Businesses can't sever ties with Trump fast enough
Posted January 13, 2021 8:01 p.m. EST
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In today's business news: The Trump business backlash continues, there's a Keurig for ice cream and Las Vegas can't catch a break. Let's get into it.
What a week. In just seven days, the Trump brand has gone from divisive to radioactive. Businesses can't sever ties fast enough and mainstream platforms have silenced the president's accounts. And today, Trump became the only president in American history to be impeached twice.
Here are the latest developments on the business fallout:
Officials in New York City announced plans to end the Trump Organization's contracts to operate the Trump Golf Links at Ferry Point, the Central Park Carousel and the Wollman and Lasker ice skating rinks.
"The attacks on our Capitol killed a police officer, left four rioters dead, exposed lawmakers to Covid-19 and threatened the constitutional transfer of power," the city said. "They were a national abomination. We're reviewing whether legal grounds exist in light of these new circumstances to terminate concessions with the Trump Organization."
In a major escalation of its security efforts, Airbnb is canceling all short-term reservations in the Washington, DC, area next week for Joe Biden's inauguration.
The company said the shift was informed by feedback from its hosts as well as government officials. Airbnb did not say if it would implement any restrictions in state capitals, where the FBI has warned armed protests are being planned.
Google-owned YouTube suspended Trump's channel for at least one week, and potentially longer. YouTube had been a holdout — it was the last major social platform to take action against the president in the wake of the Capitol siege. Twitter has banned Trump permanently, and Facebook and Instagram have suspended him indefinitely.
The billionaire GOP donor and Home Depot co-founder said he feels betrayed by the Republicans who attempted to overturn the election. Langone, who voted for Trump in 2016 and gave him credit for improving the economy, said the president "exhausted everything." "Biden is the president," Langone said on CNBC.
For all the latest on the impeachment effort, follow my colleagues at CNN Politics.
QUOTE OF THE DAY
"This case is about Parler's demonstrated unwillingness and inability to remove ... content that threatens the public safety such as by inciting and planning the rape, torture, and assassination of named public officials and private citizens."
-- Amazon fired back in its legal battle with Parler, the social media platform favored by the far-right that was booted from Amazon's web-hosting service over the weekend. Amazon is arguing that Parler breached the terms of its contract and that Parler's removal from AWS's hosting platform was a "last resort."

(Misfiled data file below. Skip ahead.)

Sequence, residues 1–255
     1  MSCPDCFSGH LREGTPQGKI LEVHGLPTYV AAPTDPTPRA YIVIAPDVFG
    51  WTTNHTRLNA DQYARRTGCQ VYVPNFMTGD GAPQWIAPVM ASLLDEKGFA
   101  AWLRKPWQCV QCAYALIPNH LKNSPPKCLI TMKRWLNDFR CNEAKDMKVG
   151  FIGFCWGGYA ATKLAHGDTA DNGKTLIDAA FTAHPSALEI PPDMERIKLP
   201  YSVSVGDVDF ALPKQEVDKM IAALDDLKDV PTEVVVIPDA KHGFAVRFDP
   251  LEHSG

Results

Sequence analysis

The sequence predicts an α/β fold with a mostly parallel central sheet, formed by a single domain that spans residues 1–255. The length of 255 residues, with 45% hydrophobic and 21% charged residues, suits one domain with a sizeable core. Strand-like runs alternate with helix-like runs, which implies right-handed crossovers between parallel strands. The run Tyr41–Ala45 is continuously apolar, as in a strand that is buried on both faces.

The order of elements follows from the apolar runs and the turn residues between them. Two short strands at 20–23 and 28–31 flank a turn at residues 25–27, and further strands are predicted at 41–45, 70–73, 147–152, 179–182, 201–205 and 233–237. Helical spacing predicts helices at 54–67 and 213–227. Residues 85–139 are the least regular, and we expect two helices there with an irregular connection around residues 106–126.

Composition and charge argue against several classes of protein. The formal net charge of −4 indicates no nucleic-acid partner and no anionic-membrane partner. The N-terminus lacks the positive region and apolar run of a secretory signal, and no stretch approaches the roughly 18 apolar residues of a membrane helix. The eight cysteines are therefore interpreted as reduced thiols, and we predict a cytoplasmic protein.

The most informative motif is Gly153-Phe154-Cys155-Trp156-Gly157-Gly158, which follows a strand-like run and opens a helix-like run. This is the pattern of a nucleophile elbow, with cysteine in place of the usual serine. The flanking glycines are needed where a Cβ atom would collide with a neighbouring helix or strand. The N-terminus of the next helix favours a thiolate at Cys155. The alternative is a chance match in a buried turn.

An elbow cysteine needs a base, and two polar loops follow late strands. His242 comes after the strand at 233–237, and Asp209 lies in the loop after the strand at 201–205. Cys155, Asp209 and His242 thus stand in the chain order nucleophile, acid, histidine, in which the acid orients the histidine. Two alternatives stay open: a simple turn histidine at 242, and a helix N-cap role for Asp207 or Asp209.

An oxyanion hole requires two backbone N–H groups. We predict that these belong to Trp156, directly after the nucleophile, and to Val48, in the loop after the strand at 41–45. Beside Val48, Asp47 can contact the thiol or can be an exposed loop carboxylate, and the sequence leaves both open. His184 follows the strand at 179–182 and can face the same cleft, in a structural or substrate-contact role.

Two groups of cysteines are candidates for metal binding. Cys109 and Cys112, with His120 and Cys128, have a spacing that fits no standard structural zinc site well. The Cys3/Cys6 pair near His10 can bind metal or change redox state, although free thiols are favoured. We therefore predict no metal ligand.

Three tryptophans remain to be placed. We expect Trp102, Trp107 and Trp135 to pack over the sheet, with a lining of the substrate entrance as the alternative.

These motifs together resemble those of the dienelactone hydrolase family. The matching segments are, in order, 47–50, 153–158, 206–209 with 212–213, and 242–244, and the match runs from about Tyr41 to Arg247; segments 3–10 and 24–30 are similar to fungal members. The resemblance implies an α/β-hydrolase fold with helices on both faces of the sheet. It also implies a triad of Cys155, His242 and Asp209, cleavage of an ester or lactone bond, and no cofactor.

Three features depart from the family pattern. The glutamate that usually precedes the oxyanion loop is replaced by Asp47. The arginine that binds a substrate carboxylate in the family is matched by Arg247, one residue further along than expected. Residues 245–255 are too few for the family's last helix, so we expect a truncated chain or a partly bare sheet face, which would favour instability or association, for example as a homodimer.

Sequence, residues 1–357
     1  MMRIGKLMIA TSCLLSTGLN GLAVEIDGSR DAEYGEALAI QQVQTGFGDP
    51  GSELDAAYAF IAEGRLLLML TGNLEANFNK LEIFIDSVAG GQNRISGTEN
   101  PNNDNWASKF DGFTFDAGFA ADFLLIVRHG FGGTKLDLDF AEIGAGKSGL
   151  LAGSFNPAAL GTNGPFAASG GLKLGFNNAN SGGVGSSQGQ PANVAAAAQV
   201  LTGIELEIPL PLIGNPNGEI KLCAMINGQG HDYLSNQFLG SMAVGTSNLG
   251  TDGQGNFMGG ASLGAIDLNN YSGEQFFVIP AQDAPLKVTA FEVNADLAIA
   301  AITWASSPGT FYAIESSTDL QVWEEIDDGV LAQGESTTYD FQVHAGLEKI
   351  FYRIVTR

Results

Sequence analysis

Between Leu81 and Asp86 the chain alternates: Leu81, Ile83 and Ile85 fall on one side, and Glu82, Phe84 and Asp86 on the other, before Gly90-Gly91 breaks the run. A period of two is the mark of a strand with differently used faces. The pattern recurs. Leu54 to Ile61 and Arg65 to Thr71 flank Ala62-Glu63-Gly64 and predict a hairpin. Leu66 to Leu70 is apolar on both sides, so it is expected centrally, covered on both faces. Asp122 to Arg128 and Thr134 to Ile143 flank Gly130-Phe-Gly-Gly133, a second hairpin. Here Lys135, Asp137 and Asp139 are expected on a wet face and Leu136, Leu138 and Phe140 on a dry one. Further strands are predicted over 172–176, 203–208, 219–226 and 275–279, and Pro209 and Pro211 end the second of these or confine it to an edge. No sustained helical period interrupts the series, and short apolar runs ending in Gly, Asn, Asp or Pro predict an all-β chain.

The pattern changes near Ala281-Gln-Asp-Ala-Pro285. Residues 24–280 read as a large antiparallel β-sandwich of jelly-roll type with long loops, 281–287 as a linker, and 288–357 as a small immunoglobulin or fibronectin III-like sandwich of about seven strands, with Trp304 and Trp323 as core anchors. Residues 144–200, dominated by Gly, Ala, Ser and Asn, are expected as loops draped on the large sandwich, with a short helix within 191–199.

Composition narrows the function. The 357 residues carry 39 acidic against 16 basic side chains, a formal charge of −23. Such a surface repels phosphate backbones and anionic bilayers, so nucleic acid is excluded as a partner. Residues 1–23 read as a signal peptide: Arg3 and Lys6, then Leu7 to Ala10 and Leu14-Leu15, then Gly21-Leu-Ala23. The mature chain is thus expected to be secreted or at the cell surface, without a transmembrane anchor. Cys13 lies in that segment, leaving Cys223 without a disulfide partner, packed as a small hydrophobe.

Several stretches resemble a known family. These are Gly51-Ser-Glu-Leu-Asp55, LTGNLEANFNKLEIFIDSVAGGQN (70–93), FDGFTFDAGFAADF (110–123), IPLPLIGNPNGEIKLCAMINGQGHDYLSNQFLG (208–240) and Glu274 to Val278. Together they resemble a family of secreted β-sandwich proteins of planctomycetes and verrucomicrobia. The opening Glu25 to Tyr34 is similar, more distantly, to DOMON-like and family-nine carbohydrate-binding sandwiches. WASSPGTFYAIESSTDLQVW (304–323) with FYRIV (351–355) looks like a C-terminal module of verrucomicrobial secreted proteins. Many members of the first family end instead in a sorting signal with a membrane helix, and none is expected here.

HOW ABOUT A TREAT?
That was a lot of heavy news, let's check in with the lovely nerds over at CES to see what kooky futuristic gadgets they've got to lighten the mood...
Hallelujah. The greatest minds of my generation have finally delivered: The world now has a Keurig for ice cream. It's called ColdSnap, it costs $1,000 and it gives you soft serve on demand, so it's pretty much up there with the Model T and the iPhone in terms of innovation if you ask me.
My colleague Samantha Murphy Kelly has all the details on this heaven-sent doodad.
Speaking of the Consumer Electronics Show...
In a normal January, CES brings in about $169 million in direct spending to Las Vegas. But this year, CES is all virtual, dealing yet another blow to America's hardest-hit metro economy. Alicia Wallace dives into the crisis in Vegas.
NUMBER OF THE DAY
Homeowners are rushing to refinance their mortgages, with applications surging 20% last week. Mortgage rates have been at all-time lows in recent months, but some fear rock-bottom rates won't last.
WHAT ELSE IS GOING ON
Intel ousted CEO Bob Swan after a rocky two-year run and named Pat Gelsinger as his successor. The news sent Intel shares up 8%. Dollar General will pay workers to get the Covid-19 vaccine. Netflix has doubled the number of Black employees at the company in the past three years, according to its first-ever inclusion report. An Australian dairy processor officially rebranded a cheese snack that shared its name with a racial slur.